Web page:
Painted sisters Frankie Sutton (L) and Rachel Bunce paint the town all sorts of colours during a torrid tuk tuk spree. Photograph: Miranda Glasser/Phnom Penh Post
Reapers may have recently spotted the curious sight of two 50-something painted ladies cruising around town in a tuk tuk. Observers could be forgiven for thinking the two were yet another pair of eccentric tourists out on a jolly. In actual fact, they were Rachel Bunce and Frankie Sutton, two sisters from England promoting a new art project.
The project, Colourful Cambodia, comprises cards and posters featuring everything from monks to peacocks, to (my favourite) a lovely, multi-coloured pig with a water buffalo combo.
It is beautifully produced material, and of a very high standard. And it’s all the work of some 8-14 year-olds with a new-found thirst for art.
Rachel, 52, and Frankie, 59, came to Cambodia a month ago “for a holiday, a few fun days doing some volunteering” and much to their surprise ended up “setting up a business and learning how to use a computer.”
Frankie first visited children’s home, Honour Village Cambodia, two years ago, which provides a safe haven and education for vulnerable and homeless children. Last month Frankie returned with her sister, intending to run some activity days.
Frankie says, “Originally we were just going to do a number of fun days of sports, art, sewing, but then we started on the art.”
Rachel adds, “We started just doing drawing because it was very obvious that the children were very good at drawing. We decided to try and introduce colour, which horrified them. They just really did not want to put colour onto their pictures. I think they thought maybe it would blot out the lines because their detail is beautiful.
“So my daughter Harry, who is a textiles student, showed them how to blend colour using water colours, and that it would just enhance the picture. It took them a little while but when they got it, well you can see what happened!”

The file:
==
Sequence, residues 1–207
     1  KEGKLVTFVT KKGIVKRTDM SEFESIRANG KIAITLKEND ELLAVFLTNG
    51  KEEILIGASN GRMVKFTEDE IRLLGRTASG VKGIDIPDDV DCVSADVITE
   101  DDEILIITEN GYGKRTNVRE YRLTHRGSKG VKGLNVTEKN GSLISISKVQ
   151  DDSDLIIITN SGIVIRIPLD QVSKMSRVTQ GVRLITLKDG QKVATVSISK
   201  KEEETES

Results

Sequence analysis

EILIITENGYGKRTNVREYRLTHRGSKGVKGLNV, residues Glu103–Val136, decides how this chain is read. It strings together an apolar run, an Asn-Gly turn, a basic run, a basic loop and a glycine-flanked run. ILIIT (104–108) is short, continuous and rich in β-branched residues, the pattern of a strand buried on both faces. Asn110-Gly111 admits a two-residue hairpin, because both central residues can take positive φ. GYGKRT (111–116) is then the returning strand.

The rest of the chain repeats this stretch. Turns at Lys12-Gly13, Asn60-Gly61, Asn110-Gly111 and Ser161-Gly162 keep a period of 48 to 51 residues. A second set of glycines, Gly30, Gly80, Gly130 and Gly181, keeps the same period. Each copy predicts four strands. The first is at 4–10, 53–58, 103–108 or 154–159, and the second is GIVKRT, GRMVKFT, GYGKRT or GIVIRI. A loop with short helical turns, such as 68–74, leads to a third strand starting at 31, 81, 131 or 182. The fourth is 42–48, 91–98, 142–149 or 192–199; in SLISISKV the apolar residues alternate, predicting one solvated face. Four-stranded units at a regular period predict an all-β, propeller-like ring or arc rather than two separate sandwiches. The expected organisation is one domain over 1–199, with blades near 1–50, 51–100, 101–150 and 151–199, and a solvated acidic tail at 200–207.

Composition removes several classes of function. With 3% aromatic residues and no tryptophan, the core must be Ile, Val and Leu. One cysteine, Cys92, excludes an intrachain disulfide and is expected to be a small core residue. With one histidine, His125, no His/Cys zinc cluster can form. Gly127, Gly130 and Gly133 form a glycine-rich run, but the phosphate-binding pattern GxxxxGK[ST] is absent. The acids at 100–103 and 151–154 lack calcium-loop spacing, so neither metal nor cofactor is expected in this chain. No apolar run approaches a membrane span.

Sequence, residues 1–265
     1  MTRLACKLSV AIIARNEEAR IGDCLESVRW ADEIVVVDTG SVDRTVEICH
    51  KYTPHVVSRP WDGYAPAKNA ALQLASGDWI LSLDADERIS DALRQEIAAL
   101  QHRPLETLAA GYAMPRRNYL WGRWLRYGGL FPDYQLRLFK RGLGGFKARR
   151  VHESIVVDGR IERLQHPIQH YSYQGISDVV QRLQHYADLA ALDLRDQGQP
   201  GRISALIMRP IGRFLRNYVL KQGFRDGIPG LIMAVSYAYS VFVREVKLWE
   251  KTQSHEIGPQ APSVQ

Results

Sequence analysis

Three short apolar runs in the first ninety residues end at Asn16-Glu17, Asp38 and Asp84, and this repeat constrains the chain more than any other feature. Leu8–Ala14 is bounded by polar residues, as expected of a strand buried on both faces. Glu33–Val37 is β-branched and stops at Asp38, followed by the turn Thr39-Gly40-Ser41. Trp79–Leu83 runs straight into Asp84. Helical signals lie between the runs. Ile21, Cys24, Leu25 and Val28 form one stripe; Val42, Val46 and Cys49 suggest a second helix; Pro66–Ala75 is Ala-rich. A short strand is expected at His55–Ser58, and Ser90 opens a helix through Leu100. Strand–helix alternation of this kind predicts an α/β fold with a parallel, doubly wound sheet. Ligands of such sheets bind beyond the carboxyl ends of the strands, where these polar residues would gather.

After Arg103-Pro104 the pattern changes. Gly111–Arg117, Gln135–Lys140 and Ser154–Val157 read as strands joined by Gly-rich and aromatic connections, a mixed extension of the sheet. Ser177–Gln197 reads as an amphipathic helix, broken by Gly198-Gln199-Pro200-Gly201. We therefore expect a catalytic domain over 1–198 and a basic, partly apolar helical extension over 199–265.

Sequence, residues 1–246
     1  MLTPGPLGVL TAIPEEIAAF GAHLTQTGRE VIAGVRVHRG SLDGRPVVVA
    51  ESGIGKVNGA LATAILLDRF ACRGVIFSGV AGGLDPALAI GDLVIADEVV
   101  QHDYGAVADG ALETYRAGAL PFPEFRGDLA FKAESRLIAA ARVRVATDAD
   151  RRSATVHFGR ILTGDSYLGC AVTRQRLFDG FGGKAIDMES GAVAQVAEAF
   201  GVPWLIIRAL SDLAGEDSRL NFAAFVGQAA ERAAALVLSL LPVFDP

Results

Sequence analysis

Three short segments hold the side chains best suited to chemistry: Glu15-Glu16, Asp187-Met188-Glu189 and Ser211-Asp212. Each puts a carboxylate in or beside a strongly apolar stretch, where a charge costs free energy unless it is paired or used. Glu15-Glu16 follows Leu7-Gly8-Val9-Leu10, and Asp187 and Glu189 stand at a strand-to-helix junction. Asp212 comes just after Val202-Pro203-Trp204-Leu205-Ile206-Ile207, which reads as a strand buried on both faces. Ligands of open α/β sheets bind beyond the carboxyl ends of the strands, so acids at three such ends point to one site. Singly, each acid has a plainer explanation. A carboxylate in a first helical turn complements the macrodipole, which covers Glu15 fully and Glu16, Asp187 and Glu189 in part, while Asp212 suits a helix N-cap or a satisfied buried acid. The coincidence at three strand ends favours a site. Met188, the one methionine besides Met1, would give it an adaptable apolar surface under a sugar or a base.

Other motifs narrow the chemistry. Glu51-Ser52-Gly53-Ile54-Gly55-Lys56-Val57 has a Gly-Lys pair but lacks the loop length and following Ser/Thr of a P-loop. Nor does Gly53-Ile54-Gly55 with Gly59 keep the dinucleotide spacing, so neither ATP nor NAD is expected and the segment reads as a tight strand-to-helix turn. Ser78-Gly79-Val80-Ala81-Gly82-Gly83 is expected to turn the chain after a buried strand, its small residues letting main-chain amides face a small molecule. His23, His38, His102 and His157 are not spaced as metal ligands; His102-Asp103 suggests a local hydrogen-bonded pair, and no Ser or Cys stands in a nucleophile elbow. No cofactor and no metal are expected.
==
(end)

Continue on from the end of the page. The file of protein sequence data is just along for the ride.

What happened was an explosion of colour. The sisters were so impressed they decided to laminate the works, frame them and mount them, much to the delight of the young artists. From thereon, things quickly snowballed when somebody said, “How about posters?”
Rosy Guesthouse then stepped in, agreeing to let the posters be displayed under glass tables. And within minutes, the sisters had made their first sale, earning $40 from some passers-by.
Then the sisters were advised to produce a leaflet.
Delaying their return home by a week, the energetic twosome stayed on to supervise leaflet production, the selling of the cards and posters, and handing over the project to another volunteer so that the funds could keep coming in.
Rachel and Frankie even took to the streets covered in body paint to sell their wares at the night market, attracting more than one curious stare in the process.
“We got out of the tuk tuk, stood on the street corner and embarrassed ourselves,” laughs Rachel gleefully.
But showing their true colours worked, and the pair made $80, as well as attracting visitors to Honour Village.
Frankie says, “The nice thing was you meet people that are really interested and you give them the information, and the next day they were out at the children’s village. So it’s not just about selling it, it’s about spreading the word.”
Primary school teacher Rachel adds, “What we are hoping for the future is that it will encourage the children to produce more quality art and we will produce a second collection. Certainly the talent is there at the children’s village for that to happen.”
So far 300 cards have been produced and 50 posters, with all proceeds going directly to Honour Village Cambodia.
The A5 cards can be brought for $2 and the posters $4 at Rosy Guesthouse, Frangipani Hotel, River Garden, La Niche d’Angkor hotel, and Central Boutique Angkor Hotel. To find out more about Honour Village Cambodia please visit: http://www.honourvillagecambodia.org/index.html